Background: Since 2004, influenza vaccine has been recommended for household contacts (HCs) of healthy infants and young children, who are at high risk for complications from influenza disease. We examined the feasibility of providing influenza vaccine to HCs of pediatric patients during the children's outpatient clinic visits. Methods: During influenza season 2006-07, influenza vaccine was offered at no cost to HCs of all patients aged <60 months who received primary care at a pediatric residents' continuity clinic at Children's Medical Center Dallas. The percentage of individuals receiving their first dose of influenza vaccine was calculated for all vaccinated adult HCs and also for a subset of vaccinated adult HCs for whom vaccine was recommended in a previous year, based on the pediatric patient's age. Results: Influenza vaccine was administered to 1,042 HCs of 611 pediatric patients. Fifty percent of all vaccinated adult HCs had no previous history of influenza vaccination. Eighty-five of the 218 (39%) vaccinated adult HCs for whom influenza vaccine was also recommended in a previous year received their first dose through our program. Conclusions: Delivery of influenza vaccine to HCs of pediatric patients can be integrated into the children's clinic visits and may increase vaccine uptake.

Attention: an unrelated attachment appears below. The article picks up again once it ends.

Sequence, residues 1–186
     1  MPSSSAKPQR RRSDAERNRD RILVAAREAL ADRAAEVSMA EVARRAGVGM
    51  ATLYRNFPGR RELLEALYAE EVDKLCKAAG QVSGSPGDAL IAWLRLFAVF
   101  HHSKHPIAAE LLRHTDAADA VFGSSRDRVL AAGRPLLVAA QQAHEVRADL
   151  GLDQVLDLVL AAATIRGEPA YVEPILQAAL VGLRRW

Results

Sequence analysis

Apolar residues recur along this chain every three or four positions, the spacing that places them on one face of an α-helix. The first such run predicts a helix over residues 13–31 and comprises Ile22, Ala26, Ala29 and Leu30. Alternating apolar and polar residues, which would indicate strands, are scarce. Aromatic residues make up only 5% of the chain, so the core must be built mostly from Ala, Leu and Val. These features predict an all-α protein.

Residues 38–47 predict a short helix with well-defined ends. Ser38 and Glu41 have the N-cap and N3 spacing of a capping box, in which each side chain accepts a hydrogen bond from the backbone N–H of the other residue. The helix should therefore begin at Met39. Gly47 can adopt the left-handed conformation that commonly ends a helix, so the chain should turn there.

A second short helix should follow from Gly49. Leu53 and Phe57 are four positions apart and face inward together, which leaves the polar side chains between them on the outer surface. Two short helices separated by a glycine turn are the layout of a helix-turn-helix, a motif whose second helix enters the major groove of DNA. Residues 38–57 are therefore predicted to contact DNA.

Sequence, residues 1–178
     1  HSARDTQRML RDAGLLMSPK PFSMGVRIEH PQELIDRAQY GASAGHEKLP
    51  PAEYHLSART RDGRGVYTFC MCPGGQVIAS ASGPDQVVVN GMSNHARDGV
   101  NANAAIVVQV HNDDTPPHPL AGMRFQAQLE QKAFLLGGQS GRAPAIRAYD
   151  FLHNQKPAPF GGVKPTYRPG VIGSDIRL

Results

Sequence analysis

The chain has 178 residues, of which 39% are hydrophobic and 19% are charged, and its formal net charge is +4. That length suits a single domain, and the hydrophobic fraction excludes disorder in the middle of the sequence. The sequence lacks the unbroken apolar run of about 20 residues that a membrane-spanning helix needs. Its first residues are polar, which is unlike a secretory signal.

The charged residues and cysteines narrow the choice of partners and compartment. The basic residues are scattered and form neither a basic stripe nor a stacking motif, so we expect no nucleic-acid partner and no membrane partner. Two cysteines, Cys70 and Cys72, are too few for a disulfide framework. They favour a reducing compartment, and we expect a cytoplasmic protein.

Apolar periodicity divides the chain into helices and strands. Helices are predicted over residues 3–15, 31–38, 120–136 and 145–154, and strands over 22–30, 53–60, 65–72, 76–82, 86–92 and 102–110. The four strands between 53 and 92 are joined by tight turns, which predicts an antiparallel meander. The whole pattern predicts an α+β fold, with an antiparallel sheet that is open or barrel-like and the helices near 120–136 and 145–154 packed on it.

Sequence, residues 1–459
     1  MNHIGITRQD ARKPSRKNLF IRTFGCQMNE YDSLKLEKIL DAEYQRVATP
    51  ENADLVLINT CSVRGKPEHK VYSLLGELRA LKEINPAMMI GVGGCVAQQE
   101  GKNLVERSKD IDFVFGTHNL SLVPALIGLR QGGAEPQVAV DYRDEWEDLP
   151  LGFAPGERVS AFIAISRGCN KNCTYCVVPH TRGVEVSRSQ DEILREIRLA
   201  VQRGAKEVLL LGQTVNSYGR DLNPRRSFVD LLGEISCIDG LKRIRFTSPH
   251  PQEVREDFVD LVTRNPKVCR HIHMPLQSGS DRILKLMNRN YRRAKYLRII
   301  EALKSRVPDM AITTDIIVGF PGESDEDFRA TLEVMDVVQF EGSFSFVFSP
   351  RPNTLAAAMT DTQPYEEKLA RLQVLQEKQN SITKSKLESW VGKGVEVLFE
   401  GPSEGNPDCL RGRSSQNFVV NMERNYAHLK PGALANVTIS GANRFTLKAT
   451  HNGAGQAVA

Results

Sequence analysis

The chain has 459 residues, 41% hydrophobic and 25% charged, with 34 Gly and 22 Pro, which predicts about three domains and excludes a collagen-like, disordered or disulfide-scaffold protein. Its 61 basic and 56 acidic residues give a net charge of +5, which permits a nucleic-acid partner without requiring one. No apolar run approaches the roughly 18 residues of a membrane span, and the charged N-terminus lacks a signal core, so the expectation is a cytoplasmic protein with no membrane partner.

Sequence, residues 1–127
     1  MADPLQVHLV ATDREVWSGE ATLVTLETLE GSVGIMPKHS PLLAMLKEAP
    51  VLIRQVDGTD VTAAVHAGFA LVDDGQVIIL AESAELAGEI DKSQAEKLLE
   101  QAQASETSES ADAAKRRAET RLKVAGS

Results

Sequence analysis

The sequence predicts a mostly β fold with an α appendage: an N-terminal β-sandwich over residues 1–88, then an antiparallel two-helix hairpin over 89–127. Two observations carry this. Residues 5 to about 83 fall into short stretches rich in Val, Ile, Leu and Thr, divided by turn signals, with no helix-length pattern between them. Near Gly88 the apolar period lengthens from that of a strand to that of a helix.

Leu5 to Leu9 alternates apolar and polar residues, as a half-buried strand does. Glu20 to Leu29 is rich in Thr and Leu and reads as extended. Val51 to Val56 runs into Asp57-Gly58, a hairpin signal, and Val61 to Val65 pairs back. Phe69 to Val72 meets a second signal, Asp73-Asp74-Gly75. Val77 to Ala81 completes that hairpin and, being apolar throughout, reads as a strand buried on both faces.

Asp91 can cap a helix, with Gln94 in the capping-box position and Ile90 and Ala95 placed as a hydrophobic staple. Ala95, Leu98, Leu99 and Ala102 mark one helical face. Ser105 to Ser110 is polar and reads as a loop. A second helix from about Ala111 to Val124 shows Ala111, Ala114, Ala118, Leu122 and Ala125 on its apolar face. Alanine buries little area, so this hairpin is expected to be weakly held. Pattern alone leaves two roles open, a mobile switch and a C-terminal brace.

- Teaching clinic
ASJC Scopus subject areas
- Health Policy
- Public Health, Environmental and Occupational Health
- Infectious Diseases